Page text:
Friday, April 29, 2016
By Walter F. Roche Jr.
Cleveland Browns owner James A. Haslam 3rd still must undergo sworn questioning about his truck stop firm's rebate practices and the questions may come from four truckers, not just one.
Alabama Judge Sarah Hicks Stewart Friday denied Haslam's request to halt a scheduled May deposition on charges from Wright Transportation that Pilot Flying J routinely cheated truckers out of promised rebates. Meanwhile an Ohio judge is considering a motion that would allow lawyers for three other trucking firms to question Haslam at the same time.
The action comes in the four remaining civil cases filed against Pilot by trucking firms who opted out of a class action settlement with the truck stop chain with an $84 million price tag.
The suits stem from the disclosure of a federal grand jury investigation of charges that Pilot sales executives routinely shaved millions of dollars in rebates promised to high volume diesel fuel purchasers.
Haslam, who has repeatedly denied any knowledge of the rebate scheme, had sought to have the May deposition called off, contending his testimony was not required.
In Franklin County Ohio, FST Express, HB Logistics and Dick Lavy Trucking have asked a judge to order Haslam's testimony on their parallel claims of rebate fraud. The motion was filed this week.
Ten former Pilot sales staffers already have entered guilty pleas to mail and wire fraud charges stemming from the federal probe. Another eight were indicted earlier this year and await trial. They have all entered not guilty pleas.
In addition to the $84 million paid to settle the class action suit, Pilot has paid $92 million to settle related charges with the federal government.
Wednesday, April 27, 2016
By Walter F. Roche Jr.
Lawyers for three trucking firms, who have charged Pilot Flying J with cheating on promised rebates, are asking an Ohio judge to let them join in on a deposition of Pilot chief and Cleveland Browns owner James A. Haslam 3rd.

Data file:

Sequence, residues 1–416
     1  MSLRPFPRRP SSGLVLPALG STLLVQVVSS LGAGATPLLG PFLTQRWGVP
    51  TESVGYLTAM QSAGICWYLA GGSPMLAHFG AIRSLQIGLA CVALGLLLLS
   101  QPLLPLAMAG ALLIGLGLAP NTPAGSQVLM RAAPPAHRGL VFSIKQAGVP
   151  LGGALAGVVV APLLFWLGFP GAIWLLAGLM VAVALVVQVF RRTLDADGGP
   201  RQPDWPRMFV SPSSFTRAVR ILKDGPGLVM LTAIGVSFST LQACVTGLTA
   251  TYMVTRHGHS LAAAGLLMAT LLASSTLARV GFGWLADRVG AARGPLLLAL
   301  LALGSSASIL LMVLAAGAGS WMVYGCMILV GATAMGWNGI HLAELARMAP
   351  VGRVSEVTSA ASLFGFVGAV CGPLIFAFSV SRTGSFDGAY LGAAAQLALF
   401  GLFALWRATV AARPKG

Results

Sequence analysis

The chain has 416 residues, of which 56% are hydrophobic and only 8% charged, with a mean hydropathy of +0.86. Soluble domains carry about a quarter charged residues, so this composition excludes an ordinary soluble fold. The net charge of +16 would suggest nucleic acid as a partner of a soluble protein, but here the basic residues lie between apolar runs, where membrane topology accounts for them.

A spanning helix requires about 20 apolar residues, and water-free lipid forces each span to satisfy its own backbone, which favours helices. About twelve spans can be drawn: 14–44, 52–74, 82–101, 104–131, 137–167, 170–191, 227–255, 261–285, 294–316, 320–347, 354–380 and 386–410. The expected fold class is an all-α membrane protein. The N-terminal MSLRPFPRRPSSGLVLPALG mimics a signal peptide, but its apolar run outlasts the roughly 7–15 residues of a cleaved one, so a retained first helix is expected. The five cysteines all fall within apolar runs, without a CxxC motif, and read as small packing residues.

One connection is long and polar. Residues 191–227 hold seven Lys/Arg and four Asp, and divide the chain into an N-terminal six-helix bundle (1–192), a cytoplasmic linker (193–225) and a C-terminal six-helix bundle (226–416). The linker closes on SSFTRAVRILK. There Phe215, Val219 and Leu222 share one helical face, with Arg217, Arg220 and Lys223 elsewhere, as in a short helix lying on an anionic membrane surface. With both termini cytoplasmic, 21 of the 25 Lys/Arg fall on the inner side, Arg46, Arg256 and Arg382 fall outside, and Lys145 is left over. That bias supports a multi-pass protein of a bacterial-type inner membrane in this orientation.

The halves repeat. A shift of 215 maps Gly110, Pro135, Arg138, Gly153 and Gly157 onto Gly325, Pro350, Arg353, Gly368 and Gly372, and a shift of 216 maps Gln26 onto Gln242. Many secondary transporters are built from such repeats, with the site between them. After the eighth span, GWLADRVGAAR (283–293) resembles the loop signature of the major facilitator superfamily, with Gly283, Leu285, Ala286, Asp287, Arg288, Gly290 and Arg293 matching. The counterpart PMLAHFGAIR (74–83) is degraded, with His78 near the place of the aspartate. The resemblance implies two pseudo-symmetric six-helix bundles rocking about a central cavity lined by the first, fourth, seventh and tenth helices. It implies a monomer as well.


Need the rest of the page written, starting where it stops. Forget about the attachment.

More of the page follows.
In a motion filed this week in Franklin County Court in Ohio, the three trucking firms are seeking to participate in a Haslam deposition scheduled for May 11 in Knoxville, Tenn,
Citing an affidavit filed in U.S. District Court in Knoxville, lawyers for FST Express, HB Logistics and Dick Lavy Trucking state that Haslam "has information relevant to plaintiffs' claims."
The motion comes in one of the few remaining civil suits stemming from allegations that Pilot routinely cheated on rebates promised to truckers. The allegations already have cost Pilot $175 million to settle claims from other truckers and the federal government.
In the eight-page motion, FST lawyers cite the transcripts of secretly recorded Pilot sales meetings in which sales executives discuss Haslam's awareness of the rebate skimming scheme.
The transcript includes a conversation in which then Pilot Vice President John Freeman states, "Oh he (Haslam) knew it. I called Jimmy and told him I got busted at Western Express."
Freeman was referring to a case in which a Nashville, Tenn. firm learned that it had been cheated on promised rebates.
The action in the Ohio case comes as Haslam already has been ordered to testify in a parallel case brought by an Alabama trucking firm.
"Haslam's deposition is already scheduled to take place that day (May 11) in Knoxville pursuant to an order issued by an Alabama court in a similar action," the motion states.
Lawyers for Haslam are fighting that order and have asked the Alabama judge to reverse the decision.
Wright's attorneys have responded by charging that Haslam has been dodging a deposition and that his testimony is critical in establishing a case against Hazelwood, the former president who reported to Haslam. Wright also cites the Freeman comments about Haslam's involvement in the federal affidavit,
Haslam has repeatedly insisted that he was unaware of the scheme to cheat on promised rebates.
Ten former Pilot sales staffers already have entered guilty pleas to mail and wire fraud charges and await sentencing. An additional eight former employees, including former President Mark Hazelwood, have been indicted and have entered not guilty pleas.
Saturday, April 16, 2016
By Walter F. Roche Jr.
An Alabama judge has ordered Pilot Flying J President James A. Haslam 3rd to be deposed in a suit brought by a trucking company charging that the truck stop firm cheated on promised rebates.
The deposition order, which Haslam already is appealing, comes in one of four remaining civil suits against Pilot stemming from a federal investigation that has already brought guilty pleas from 10 former Pilot sales staffers. An additional eight former Pilot officials, including President Mark Hazelwood, were recently indicted.
Under the order by Judge Sarah Hicks Stewart Haslam, who is also the owner of the Cleveland Browns, will be deposed in Knoxville, Tenn. on May 11 by lawyers for Wright Transportation.
Lawyers for Haslam have filed a motion asking the judge to reconsider her order.
In all four remaining civil suits, trucking firms are charging that Pilot secretly reduced promised rebates targeting firms that were unlikely to notice the discrepancies.
The other three suits are being heard in Franklin County Ohio.